Members of the Learning in Retirement program in Athens, Georgia regularly attend all the games of the local Ladydogs Basketball team. They make a great cheering section. Tickets are just $25 for the entire season, a real bargain.

The North Carolina Center for Creative Retirement in Asheville is doing their 3rd version of "Educational Leadership" - a free 10 week course on how to teach adults. It is presented in the Fall semester to encourage participants to join the instructional volunteers. It seems to be working. NCCCR also has a Faculty Development subcommittee to continue supporting our instructors. There is also a Small Group Learning subcommittee focusing on Learning Circle facilitation and Learning Circle classes. Sandra Taylor says it's encouraging to see the continued improvement of the programs, and fun to be a part of it all.


Thanks to the Omnilore program at California State University Dominquez Hills for supplying these suggestions via their July 2006 newsletter.

Darwin’s Dangerous Idea: Evolution and the Meaning of Life, by Daniel C. Dennett. The author, a philosophy professor, presents a position on the implications of evolution, and is not afraid to criticize those who disagree with him. He gives the reader plenty to think about as well as a crystal clear explanation of his positions.

Darwin’s Black Box, by Michael J. Behe. The contrast to the above book is striking. After reading both books, you will definitely have a working knowledge of evolution (and several very different views of its consequences).

Honeymoon With My Brother, by Franz Wisner. This narrative begins with the author being dumped by his fiancée four days before a big, expensive wedding in Laguna Beach. Since it is too late to cancel the festivities, he goes on with the party, and then takes his brother with him on his honeymoon to Costa Rica. The adventure changes both of their lives in major ways. The “honeymoon” turns into a two-year plus voyage to see the world. This story is interspersed with unique humor and startling insight.

The Tender Bar, by J.R. Moehringer. A Pulitzer prize-winning writer for the Los Angeles Times, his memoir tells of his growing up fatherless, in Manhassat, New York. His mentors and male role models are the regulars at Dickens, a neighborhood bar where his Uncle Charlie is the bartender. The eccentric characters, the dysfunctional family, the struggles in school, the girlfriend problems, - it’s all here. At times one is laughing out loud, at other times one is moved by his mother’s courage. This is a coming of age story that stays with the reader; J.R. is so honest and ultimately likeable; one cheers his eventual success.


Genealogical tables for European royalty, including royalty from Britain, Denmark, Sweden, Russia, Spain, France, Greece, and more. Also includes supplemental information on topics such as hemophilia and intermarriage in Queen Victoria's descendents, and links to related sites. From a European royalty genealogy enthusiast.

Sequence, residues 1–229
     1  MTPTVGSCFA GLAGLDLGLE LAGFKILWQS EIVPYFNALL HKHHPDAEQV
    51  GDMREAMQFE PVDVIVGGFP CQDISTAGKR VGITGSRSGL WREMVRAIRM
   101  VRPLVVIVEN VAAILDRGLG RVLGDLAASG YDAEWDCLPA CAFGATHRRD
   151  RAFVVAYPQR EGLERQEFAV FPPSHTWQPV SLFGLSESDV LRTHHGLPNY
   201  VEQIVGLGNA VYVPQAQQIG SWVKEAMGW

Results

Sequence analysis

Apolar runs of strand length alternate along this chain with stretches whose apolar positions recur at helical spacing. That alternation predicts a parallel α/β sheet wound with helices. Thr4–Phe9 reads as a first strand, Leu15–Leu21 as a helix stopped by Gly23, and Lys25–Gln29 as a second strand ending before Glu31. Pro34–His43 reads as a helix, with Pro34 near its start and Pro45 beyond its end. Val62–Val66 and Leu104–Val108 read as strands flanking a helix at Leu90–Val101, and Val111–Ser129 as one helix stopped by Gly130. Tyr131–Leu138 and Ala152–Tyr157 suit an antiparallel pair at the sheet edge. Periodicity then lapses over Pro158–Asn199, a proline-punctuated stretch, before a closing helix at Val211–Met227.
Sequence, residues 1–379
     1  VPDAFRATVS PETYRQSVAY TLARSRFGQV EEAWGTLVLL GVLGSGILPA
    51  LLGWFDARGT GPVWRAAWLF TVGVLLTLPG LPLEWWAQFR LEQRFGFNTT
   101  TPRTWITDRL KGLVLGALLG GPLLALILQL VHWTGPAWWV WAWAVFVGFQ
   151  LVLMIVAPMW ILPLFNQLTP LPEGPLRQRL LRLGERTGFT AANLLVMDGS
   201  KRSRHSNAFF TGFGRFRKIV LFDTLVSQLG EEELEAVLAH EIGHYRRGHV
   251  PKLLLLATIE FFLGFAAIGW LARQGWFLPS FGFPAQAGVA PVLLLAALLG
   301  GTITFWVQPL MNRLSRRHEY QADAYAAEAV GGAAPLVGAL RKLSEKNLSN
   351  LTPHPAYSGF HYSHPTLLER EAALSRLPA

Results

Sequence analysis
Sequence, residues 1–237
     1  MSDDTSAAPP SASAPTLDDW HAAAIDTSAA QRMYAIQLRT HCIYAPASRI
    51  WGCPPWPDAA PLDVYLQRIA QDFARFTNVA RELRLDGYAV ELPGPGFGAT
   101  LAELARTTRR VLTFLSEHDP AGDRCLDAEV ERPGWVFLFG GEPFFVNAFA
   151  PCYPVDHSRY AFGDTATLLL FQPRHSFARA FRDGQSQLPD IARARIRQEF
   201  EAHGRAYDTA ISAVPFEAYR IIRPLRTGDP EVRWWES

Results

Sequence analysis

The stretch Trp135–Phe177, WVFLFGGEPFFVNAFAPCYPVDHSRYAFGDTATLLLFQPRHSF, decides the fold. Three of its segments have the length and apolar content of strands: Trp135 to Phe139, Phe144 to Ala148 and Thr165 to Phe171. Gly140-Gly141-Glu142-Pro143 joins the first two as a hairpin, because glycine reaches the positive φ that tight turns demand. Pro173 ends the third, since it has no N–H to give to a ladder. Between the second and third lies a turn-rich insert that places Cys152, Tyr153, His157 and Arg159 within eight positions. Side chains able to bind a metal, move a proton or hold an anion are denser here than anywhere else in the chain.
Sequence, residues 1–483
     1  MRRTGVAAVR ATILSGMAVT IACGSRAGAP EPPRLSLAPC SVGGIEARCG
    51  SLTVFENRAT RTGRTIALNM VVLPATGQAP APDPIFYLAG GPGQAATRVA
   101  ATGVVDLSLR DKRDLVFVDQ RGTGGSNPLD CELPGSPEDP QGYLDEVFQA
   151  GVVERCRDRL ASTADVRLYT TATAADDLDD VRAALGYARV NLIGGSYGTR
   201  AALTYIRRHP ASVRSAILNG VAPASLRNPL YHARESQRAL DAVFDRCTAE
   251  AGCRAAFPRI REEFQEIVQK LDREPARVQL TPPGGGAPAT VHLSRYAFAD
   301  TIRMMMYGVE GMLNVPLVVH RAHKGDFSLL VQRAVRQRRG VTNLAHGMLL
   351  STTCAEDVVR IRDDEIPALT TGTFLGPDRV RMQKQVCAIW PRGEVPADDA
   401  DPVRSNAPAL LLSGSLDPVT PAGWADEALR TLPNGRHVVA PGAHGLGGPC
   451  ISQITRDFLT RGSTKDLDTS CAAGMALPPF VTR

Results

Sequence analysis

A companion to an "exhibition of more than 130 treasures from the tomb of the celebrated pharaoh Tutankhamun (King Tut), other Valley of the Kings tombs and additional ancient sites," which will tour the United States in 2005-2006. The site features a timeline, information about Thebes (modern day Luxor, called the Valley of the Kings), King Tut, the discovery of his tomb in 1922, and the alleged curse. Also includes a bibliography and selected images.

Information about this "orbiting space telescope that will observe galaxies in ultraviolet light across 10 billion years of cosmic history." Features quick facts, images, a glossary, educational materials, and updates about this mission, which is a partnership between NASA's Jet Propulsion Laboratory and the California Institute of Technology (CalTech).

Provides annotated Web links to information about modern-day Egypt in the areas of economic development, environment, education, history, culture, foreign policy, politics, news, and human rights. From Columbia University Libraries.

This site focuses on the study of the modern American West. It features academic works on energy policy, economic theory, land use, and various social interactions in history. Includes reports and essays, curriculum materials, and information about projects such as "Ranchland Dynamics" and a conference on environmental justice. From the University of Colorado at Boulder.

That’s all for this month.
Nancy Merz Nordstrom, M.Ed.
Elderhostel Institute Network

“A scholar knows no boredom.” - Jean Paul Friedrich Richter




Add price, activity level and more.
Tell a friend about Road Scholar and this month you could win a $2,000 gift certificate!
Congratulations to our latest winner, Dr. William and Ann W.
signup top
and receive your
FREE E-Newsletter &
E-Photo book:

Top 10 Learning Experiences
Around the World

signup bottom